gently prodded the small Lebanese cucumbers and asked me warily, "What are they?"
"Cucumbers," I tell him and then, because he still looks doubtful I add, "Lebanese cucumbers."
"Oh, I don't eat that sort of stuff."
That is fairly obvious.
"My Mum just gets frozen stuff."
Right. Frozen "stuff" is labelled. It probably comes from China. My father refuses to have it in the house. He does not trust Chinese food production standards.
I am of the opinion that fresh is best and that it is better to buy those things in season if you can afford it. I would prefer to go without other things and eat modestly but well. I do not look to buy cherries in the middle of winter or mandarins in the middle of summer.
Our greengrocer will stock some out of season items but he has a firm rule that, wherever possible, he buys locally and then within Australia. Anything that comes from overseas comes as a last resort. Garlic is one example. Australia does not grow a lot of garlic. It is a common ingredient in Australian cuisine. Out of season our greengrocer will source it from Mexico.
I normally buy from the greengrocer as well but the Lebanese cucumbers were labelled "produce of Australia" and I had to hope the label was honest.
But I wondered about the boy at the checkout. If he does not know what a commonly used cucumber is what does he eat? It is not the first time I have come across such difficulties.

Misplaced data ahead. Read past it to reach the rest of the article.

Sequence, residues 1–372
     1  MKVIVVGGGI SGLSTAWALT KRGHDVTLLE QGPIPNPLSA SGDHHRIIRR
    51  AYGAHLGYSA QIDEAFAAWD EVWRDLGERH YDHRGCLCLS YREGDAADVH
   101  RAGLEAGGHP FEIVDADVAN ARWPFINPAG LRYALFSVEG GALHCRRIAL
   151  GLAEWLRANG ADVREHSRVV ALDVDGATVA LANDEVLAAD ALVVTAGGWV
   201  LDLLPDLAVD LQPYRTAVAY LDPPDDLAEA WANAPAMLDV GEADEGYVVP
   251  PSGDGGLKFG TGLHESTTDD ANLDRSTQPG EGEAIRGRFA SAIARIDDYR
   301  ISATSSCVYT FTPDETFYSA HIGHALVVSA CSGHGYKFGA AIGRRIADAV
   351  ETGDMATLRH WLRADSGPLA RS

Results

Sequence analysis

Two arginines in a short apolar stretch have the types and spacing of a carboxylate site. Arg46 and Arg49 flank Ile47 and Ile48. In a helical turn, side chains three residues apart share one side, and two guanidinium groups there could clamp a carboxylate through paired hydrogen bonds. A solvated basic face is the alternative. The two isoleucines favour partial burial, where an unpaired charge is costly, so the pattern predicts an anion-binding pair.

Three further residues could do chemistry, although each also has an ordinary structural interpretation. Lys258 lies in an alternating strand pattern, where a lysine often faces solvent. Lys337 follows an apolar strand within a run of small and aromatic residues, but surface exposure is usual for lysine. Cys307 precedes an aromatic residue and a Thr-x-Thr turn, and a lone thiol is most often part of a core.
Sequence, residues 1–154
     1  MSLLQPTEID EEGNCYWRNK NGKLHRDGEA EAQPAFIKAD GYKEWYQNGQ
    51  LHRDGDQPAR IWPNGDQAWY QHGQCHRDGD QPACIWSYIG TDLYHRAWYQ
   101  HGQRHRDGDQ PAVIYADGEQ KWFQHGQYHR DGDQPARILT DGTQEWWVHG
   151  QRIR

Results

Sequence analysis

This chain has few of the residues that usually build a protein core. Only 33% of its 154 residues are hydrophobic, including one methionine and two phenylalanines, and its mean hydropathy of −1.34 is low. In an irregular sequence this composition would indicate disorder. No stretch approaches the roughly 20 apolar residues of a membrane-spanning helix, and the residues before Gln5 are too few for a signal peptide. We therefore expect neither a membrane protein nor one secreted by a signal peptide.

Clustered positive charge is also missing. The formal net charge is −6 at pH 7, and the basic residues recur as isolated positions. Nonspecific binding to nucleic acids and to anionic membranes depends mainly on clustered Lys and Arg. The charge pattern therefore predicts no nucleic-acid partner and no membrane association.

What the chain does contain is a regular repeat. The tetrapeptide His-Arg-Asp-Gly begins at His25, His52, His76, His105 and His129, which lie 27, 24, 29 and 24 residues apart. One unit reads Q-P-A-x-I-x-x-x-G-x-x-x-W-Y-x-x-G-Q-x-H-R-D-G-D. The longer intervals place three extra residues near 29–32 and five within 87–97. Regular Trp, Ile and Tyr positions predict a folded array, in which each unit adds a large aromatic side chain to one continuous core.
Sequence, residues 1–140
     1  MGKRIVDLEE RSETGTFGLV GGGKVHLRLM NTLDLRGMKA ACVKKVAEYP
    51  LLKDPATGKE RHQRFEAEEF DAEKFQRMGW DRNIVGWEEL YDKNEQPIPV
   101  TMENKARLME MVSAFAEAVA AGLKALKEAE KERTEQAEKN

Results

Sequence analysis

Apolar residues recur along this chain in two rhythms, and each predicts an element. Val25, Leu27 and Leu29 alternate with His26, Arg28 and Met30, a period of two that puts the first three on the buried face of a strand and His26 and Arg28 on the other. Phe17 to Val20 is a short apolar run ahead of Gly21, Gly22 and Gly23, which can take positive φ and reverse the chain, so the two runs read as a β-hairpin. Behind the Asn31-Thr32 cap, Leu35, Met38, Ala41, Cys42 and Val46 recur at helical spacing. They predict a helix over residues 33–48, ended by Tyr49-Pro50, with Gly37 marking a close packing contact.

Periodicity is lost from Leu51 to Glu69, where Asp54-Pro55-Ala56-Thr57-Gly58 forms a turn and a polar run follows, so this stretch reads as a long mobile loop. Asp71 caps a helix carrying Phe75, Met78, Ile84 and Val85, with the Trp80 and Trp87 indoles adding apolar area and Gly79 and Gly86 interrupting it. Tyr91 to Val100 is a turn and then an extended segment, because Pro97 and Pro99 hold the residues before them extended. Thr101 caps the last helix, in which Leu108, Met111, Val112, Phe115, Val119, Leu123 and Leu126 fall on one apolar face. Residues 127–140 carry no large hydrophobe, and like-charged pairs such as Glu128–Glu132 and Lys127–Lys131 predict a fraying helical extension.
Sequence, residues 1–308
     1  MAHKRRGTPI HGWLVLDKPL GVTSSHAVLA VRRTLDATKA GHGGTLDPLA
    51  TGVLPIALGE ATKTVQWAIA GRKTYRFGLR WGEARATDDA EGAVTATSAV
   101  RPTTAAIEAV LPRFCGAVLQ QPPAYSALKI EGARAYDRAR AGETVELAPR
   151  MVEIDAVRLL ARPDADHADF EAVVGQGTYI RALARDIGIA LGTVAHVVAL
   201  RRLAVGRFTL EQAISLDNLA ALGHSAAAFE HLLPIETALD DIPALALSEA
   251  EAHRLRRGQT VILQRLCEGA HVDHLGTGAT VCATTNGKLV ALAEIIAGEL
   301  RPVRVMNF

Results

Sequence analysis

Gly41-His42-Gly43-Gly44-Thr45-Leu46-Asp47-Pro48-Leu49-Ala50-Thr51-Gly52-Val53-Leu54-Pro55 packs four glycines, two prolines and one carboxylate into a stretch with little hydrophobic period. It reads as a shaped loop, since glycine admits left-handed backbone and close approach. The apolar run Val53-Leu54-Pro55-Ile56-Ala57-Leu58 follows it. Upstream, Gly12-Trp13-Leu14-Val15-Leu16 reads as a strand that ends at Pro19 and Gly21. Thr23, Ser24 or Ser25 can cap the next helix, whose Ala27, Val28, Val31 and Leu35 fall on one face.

The supermarket staff have, more than once, not known what a fairly common vegetable is. Brussels sprouts? Parsnip? Aubergine? Cauliflower? As for the different varieties of potato or pumpkin or tomato I have heard them ask the customer what they are. Yes, they have a lot to learn about the stock but these are vegetables most people eat on a regular basis.
The greengrocer is a big and very busy place. There are several boys who work there as well as a number of girls and older women. They all know the stock. They know the difference between the four main varieties of pumpkin and they can tell you what sort of potatoes to use for mashing, salad or chipping. They know one variety of apple from another. The greengrocer has seen to that. I suspect the staff eat their vegetables too.
It makes life much easier for the customers.